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DETECTION AND IDENTIFICATION OF PATHOGENIC CANDIDA SPECIES IN WATER USING FLOW CYTOMETRY COUPLED WITH TAQMAN PCR
Brinkman, N, R A. Haugland, J Santo Domingo, AND S J. Vesper. DETECTION AND IDENTIFICATION OF PATHOGENIC CANDIDA SPECIES IN WATER USING FLOW CYTOMETRY COUPLED WITH TAQMAN PCR. Presented at American Society for Microbiology, Orlando, FL, May 20-24, 2000.
1. Evaluate the efficacy of QPCR technology for detecting low level microbiological contaminants in water supplies
2. Provide additional data on the range of pathogenic or potentially pathogenic species of fungi in community distribution system and hospital water samples.
As the incidence of human fungal infection increases, the ability to detect and identify pathogenic fungi in potential environmental reservoirs becomes increasingly important for disease control. PCR based assays are widely used for diagnostic purposes, but may be inadequate for analyses of environmental samples due to the presence of inhibitors. Another method, flow cytometry, allows samples to be rapidly screened for organisms that exhibit target antibodies. These organisms can be recovered using the single cell sorting capability of the flow cytometer. The limitation of the flow cytometry method is that different related and even unrelated species may share the target characteristics used for sorting and thus cannot be distinguished. In this study we tested the use of flow cytometry for isolation of pathogenic Candida species from water samples coupled with TaqMan PCR for identification of the recovered organisms. Using flow cytometry, it was demonstrated that a fluorescently labeled Candida species, including C. albicans, C. tropicalis, C. parasilosis, C. viswanathii, C. sojae, C. dubliniensis, C. maltosa, C. haemulonii, and C. lusitaniae exhibit sufficiently higher fluorescence levels than unrelated yeasts to allow their selective recovery. Different TaqMan PCR assays for each of these target species were shown to be specific and were indicated to be sensitive enough to detect as few as 1 - 20 cells per reaction, depending on the target species. The combination of the two methods described here provides a useful approach for identifying pathogenic Candida species in environmental samples.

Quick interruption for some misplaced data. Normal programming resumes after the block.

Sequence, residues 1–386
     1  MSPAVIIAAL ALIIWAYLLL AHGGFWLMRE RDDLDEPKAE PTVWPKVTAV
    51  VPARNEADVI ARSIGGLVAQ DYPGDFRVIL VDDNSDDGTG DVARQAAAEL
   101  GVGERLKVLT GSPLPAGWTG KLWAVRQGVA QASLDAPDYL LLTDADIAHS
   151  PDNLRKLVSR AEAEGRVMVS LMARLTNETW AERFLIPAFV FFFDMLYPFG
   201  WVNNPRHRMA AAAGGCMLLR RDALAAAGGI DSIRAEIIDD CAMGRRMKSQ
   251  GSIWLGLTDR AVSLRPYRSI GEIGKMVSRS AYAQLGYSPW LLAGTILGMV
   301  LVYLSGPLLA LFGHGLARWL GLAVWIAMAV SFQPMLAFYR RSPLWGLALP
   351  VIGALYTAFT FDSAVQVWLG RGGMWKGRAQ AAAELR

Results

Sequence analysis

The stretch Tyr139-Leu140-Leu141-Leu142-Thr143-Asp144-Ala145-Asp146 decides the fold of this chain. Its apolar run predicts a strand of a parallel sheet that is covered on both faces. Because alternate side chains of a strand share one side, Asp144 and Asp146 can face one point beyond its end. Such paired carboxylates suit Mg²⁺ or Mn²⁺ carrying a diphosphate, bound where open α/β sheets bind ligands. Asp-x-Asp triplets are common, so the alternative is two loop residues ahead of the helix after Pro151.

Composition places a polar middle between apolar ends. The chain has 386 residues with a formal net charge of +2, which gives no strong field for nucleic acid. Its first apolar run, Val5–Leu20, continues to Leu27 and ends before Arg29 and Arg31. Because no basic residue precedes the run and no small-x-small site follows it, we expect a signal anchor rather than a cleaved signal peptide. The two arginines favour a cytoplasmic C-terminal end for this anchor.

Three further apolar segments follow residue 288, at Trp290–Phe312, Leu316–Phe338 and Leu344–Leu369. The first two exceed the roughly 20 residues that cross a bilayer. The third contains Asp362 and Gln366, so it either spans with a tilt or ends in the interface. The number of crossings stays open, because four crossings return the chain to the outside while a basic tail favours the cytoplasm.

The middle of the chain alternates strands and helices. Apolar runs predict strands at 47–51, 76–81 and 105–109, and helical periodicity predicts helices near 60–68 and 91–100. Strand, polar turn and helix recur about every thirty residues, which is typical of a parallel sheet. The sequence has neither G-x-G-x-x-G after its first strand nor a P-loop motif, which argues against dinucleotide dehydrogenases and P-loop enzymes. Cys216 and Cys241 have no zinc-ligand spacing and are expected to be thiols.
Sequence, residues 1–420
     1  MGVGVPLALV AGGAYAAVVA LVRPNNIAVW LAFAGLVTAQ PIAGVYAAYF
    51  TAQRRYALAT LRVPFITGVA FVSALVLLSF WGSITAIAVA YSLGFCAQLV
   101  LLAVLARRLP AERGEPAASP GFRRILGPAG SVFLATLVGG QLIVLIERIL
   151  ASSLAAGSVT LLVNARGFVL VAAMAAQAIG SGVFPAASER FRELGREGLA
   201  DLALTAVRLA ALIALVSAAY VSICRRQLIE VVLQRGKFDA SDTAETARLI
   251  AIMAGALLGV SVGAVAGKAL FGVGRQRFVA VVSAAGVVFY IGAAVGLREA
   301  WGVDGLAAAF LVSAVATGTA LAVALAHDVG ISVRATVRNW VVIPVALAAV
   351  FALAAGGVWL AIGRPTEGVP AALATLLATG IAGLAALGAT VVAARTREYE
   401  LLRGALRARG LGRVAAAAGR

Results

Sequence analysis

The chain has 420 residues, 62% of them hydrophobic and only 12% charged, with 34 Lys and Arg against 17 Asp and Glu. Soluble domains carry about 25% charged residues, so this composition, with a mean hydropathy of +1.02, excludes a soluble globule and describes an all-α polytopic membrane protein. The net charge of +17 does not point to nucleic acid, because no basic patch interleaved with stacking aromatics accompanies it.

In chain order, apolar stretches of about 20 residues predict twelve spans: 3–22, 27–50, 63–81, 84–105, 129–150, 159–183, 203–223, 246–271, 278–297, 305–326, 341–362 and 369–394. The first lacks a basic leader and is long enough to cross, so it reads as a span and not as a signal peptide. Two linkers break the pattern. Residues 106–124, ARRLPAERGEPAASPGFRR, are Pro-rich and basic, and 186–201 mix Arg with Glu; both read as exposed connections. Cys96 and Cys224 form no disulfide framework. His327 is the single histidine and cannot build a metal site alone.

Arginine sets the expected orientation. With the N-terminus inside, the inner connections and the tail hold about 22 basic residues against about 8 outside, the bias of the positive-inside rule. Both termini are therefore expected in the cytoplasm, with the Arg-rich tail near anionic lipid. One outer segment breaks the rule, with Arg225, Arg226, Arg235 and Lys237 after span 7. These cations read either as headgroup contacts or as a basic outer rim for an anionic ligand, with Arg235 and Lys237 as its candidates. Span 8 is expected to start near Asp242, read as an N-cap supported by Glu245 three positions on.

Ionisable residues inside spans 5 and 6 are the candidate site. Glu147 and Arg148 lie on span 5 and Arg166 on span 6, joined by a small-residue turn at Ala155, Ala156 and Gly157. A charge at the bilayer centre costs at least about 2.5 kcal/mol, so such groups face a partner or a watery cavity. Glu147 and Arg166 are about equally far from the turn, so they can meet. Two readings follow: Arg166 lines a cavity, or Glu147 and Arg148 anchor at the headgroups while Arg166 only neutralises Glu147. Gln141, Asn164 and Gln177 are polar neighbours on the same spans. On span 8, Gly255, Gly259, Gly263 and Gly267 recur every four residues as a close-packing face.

Record Details:Record Type: DOCUMENT (PRESENTATION/ABSTRACT)
Organization:U.S. ENVIRONMENTAL PROTECTION AGENCY
OFFICE OF RESEARCH AND DEVELOPMENT
NATIONAL EXPOSURE RESEARCH LABORATORY
MICROBIOLOGICAL AND CHEMICAL EXPOSURE ASSESSMENT DIVISION
MICROBIAL EXPOSURE RESEARCH BRANCH